PARIS — The Italian designers of Dolce & Gabbana are no strangers to scandal. After inflammatory comments about gay adoption and accusations of racial stereotyping on the runway last year, the latest apparent misstep by the duo came this week, after the brand listed a pair of $2,395 shoes on its website as “slave sandals with pompoms” and set in motion a social media firestorm.
The Twitter user @DavikaStaar wrote: “@dolcegabbana is an absolutely disgusting company. Their new sandal is titled, ‘slave sandal,’ and that is completely wrong.”
“Beautiful shoes, terrible name” was another popular online refrain, while the user Célinenotthedesigner appeared to place the blame on the shoulders of company’s communications executives.
“Their PR team blind or something?” she posted on Twitter.
But in the front rows of the Paris shows Friday, there were plenty who took a more measured approach over phrasing that may have been lost in translation.
“That term was quite common in the industry at one time, especially at the height of the Hollywood biblical epics, the likes of ‘Ben Hur’ and ‘Spartacus,’ and people do still use it today,” Tim Blanks, show critic and editor at large at The Business of Fashion, said from the front row of the Dior show.
“I think they just were carrying over a lot from that era into the collection and got swept away,” Mr. Blanks said. “Although I’m surprised it wasn’t picked up sooner as something that might be inflammatory in this day and age. Although it’s not as if the term ‘gladiator sandal’ as an alternative is really that much better.”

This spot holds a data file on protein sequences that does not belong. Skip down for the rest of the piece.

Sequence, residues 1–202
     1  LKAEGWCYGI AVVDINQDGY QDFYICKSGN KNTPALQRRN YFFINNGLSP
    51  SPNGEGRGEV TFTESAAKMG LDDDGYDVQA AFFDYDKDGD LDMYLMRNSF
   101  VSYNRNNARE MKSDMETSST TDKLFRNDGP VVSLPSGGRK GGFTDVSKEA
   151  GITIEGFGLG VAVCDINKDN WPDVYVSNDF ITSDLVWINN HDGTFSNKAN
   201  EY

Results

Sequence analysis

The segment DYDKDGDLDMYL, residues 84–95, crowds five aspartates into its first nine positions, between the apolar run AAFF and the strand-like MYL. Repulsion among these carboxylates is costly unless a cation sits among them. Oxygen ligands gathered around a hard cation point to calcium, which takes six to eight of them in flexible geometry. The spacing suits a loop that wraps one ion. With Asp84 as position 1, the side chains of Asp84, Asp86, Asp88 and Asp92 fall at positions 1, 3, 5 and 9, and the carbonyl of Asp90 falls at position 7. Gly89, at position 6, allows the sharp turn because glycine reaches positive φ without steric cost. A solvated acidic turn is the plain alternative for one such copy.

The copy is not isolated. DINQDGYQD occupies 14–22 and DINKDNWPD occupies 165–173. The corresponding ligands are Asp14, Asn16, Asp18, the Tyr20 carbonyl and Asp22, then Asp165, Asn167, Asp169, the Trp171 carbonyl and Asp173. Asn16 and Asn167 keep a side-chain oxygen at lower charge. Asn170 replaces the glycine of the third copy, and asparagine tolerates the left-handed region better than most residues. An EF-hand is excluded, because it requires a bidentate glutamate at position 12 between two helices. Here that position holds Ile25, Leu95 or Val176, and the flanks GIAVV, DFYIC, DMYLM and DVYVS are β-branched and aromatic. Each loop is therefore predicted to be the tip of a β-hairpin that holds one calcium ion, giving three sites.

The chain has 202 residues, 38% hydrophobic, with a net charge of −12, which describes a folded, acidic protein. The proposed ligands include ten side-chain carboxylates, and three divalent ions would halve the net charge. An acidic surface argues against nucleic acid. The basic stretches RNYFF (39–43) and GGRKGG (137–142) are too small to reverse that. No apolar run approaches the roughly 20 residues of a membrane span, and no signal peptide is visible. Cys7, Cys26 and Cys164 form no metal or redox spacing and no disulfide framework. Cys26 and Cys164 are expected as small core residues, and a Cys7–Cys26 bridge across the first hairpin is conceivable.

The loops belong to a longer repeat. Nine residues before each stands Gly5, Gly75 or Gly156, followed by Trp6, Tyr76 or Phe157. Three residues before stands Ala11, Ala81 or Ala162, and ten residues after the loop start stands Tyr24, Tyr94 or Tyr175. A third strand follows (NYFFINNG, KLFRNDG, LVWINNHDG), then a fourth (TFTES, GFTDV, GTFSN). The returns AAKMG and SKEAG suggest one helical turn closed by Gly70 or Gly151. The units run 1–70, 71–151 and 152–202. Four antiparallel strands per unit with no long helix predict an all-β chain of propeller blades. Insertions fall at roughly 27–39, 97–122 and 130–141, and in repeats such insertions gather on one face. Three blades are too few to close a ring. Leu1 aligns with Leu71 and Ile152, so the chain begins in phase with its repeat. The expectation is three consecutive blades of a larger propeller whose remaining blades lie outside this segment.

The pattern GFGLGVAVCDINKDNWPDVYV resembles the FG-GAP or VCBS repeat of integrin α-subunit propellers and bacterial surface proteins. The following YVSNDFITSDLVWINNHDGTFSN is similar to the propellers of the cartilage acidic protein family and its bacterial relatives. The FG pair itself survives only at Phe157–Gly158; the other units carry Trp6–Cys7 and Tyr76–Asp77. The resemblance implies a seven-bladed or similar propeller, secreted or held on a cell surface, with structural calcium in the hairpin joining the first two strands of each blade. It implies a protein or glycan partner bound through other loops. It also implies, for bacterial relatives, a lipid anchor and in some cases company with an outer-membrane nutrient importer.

Imran Amed, the founder and editor at The Business of Fashion, who sat beside Mr. Blanks, agreed, but added: “Given this is not the first time they’ve got into trouble, you would have thought they would have been a little more careful. This was clearly something that would be dissected.”
The sandals were first placed on the Dolce & Gabbana website as part of a pre-sale of its spring 2016 collection this week, with a description underneath that read: “The spring-summer 2016 collection is a declaration of love to Italy, told through unique clothing and accessories on an imaginary journey through the wonders of this country. Italia is Love.”
To be sure, there was some love lost with other critics, even if the error had been an unintentional one.
“I wouldn’t defend this, but I suppose when a scandal all stems from a single image like that — of a sandal on an online store — you do lose context,” said Robin Givhan, fashion critic for The Washington Post. “It is a little like taking a screenshot from a film.
“But in general, while I am willing to make every effort to put things in the context in which a designer grew up, I also think that this is a global industry and it is a designer’s responsibility to know the broader context. And the context here is pretty obvious.”
Dolce & Gabbana has since renamed the shoes “decorative flat sandals” on its online store, in keeping with the less inflammatory labeling picked by third-party sites; the online luxury fashion retailer Moda Operandi listed the shoes as “pompom wraparound sandals” for example, while Saks Fifth Avenue is selling the shoes as a “pompom leather lace-up sandal.”